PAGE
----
Last summer, the elders of Cityview Bible Church challenged our congregation to tell the world the good news that Jesus is alive. In our current ministry year (2017-2018), our goal was to send 100 Cityview members on a short-term mission trip. We knew that if we could get people to step out in faith and get involved in God’s work around the world, it would change their lives forever.
As the end of our ministry year approaches, where are we in hitting our goal? We have three mission trips left to send out this summer (Haiti, Chicago, and New Mexico). After those three teams complete their trips, we will have sent out 168 people from Cityview on a GO trip! And here’s the amazing part: for 98 of them, it will have been their very first mission trip. How cool is that?! In addition, we have seen 2 more families commit to long-term missions. Wow!
As men, women, students, and children from Cityview have participated in global outreach trips, what have we learned as a church? A few key lessons stand out to me:
1- Anyone can go. We have seen people of all ages and stages of life participate in missions this year. God has used a variety of personalities and spiritual gifts on every single team. Many that I have talked to about going this year have expressed insecurity about their ability to meaningfully contribute to a mission team. What have seen over the last 12 months? Anyone can go and make a significant contribution to their team.
2- Everyone deserves to hear. On all of our trips, we have encountered people who have never heard the good news that God loves them and sent His Son, Jesus, to die on the cross and rise from the dead to forgive our sin and reconcile us to Himself forever. Every team has returned asking the question, how can there still be people on this planet who have not heard what Jesus did for them? But the truth is that many have not heard and will not hear unless we go to them and share the hope we have in Christ.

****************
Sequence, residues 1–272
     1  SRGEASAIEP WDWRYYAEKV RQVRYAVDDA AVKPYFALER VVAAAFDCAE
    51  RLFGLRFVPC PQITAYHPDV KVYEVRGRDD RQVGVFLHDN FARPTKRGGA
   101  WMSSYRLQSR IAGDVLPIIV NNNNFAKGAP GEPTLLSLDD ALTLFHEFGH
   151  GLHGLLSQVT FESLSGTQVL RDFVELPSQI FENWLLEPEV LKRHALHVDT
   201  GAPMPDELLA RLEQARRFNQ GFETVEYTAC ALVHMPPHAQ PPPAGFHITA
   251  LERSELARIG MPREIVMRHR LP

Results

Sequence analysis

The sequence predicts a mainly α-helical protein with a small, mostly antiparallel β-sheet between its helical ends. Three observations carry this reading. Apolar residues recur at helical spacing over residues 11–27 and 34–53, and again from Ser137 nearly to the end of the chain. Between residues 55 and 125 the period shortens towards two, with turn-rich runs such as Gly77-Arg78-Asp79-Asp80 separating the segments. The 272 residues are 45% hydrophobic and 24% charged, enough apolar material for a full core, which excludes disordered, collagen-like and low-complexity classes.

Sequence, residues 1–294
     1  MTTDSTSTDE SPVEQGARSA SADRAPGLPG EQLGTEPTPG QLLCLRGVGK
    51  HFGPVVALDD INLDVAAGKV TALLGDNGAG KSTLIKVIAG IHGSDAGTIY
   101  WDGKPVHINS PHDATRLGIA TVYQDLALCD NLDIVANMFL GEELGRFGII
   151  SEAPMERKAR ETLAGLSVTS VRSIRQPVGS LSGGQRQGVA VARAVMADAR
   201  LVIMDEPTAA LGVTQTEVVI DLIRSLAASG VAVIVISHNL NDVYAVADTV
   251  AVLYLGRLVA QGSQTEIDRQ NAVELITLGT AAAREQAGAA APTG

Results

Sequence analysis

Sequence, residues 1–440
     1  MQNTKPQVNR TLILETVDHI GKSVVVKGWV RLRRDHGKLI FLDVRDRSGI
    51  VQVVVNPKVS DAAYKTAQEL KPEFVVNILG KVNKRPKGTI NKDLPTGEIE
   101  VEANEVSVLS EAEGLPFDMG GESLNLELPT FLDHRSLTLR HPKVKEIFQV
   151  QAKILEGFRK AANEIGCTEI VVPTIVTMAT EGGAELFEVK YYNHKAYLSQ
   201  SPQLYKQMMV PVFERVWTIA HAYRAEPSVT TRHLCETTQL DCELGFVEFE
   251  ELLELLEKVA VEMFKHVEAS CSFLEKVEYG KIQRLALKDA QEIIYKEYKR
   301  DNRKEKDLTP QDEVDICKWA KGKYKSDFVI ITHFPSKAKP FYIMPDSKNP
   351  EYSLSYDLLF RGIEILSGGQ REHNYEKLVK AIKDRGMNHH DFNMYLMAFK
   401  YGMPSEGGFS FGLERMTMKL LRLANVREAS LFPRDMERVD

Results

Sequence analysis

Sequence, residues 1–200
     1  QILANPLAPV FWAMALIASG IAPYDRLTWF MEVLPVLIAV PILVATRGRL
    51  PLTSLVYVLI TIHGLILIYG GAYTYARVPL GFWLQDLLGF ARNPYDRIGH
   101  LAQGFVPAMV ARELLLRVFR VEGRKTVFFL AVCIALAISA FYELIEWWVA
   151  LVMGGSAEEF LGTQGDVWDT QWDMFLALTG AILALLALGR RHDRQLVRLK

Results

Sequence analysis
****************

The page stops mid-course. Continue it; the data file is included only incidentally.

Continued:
3- Prayer is powerful. There is nothing like participating in global outreach to show you the limitations of your own abilities and the limitless power of God. Every mission team comes back in AWE of God’s love and power. Why? Because they were forced to depend on God in prayer. And God answered their prayers. The Spirit of God moves in power when the people of God get involved in Jesus’ mission. Again and again, we have seen God do the impossible in response to our desperate cries for help.
I know that my own involvement in missions over the years has radically changed my view of God and my perspective on the world. The Lord has used His global work to give me a heart of compassion for all kinds of people from every kind of background. If you have been involved in missions, how has the Lord used it to change your life? I’d love to hear your perspective.
Reading Ronald White’s new biography of Ulysses S. Grant in the midst of our current political climate makes one long for men and women in American leadership with strong moral character and a humble disposition. Over the years, I have read my share of Civil War histories and presidential biographies. Without question, White’s book ranks near the top of my list of favorite works. Why did I enjoy it so much?
First, White’s writing style is powerful, active, and compact. He covers the amazing sweep of Grant’s life with enough detail to place you in the story, yet keeps the narrative moving. I could easily imagine how an author could get lost in the weeds after years of research and writing on such an amazing life. White resists this temptation by using short sentences, active verbs, and concise analysis. I haven’t read White’s material before. After this book, I confess: I’m a fan.
Second, the arc of Grant’s life is simply amazing. I knew the larger elements – Civil War general and US President. But I didn’t know the rest of the story: Grant’s service in the Mexican War and time stationed out west, his loving relationship with his wife Julia, leaving the army to put his hand to business, his amazing climb in the army after re-entering the service during the war, his world tour after his presidency, and his herculean effort to publish his memoirs while fighting cancer. Every part of this man’s life is fascinating and interesting.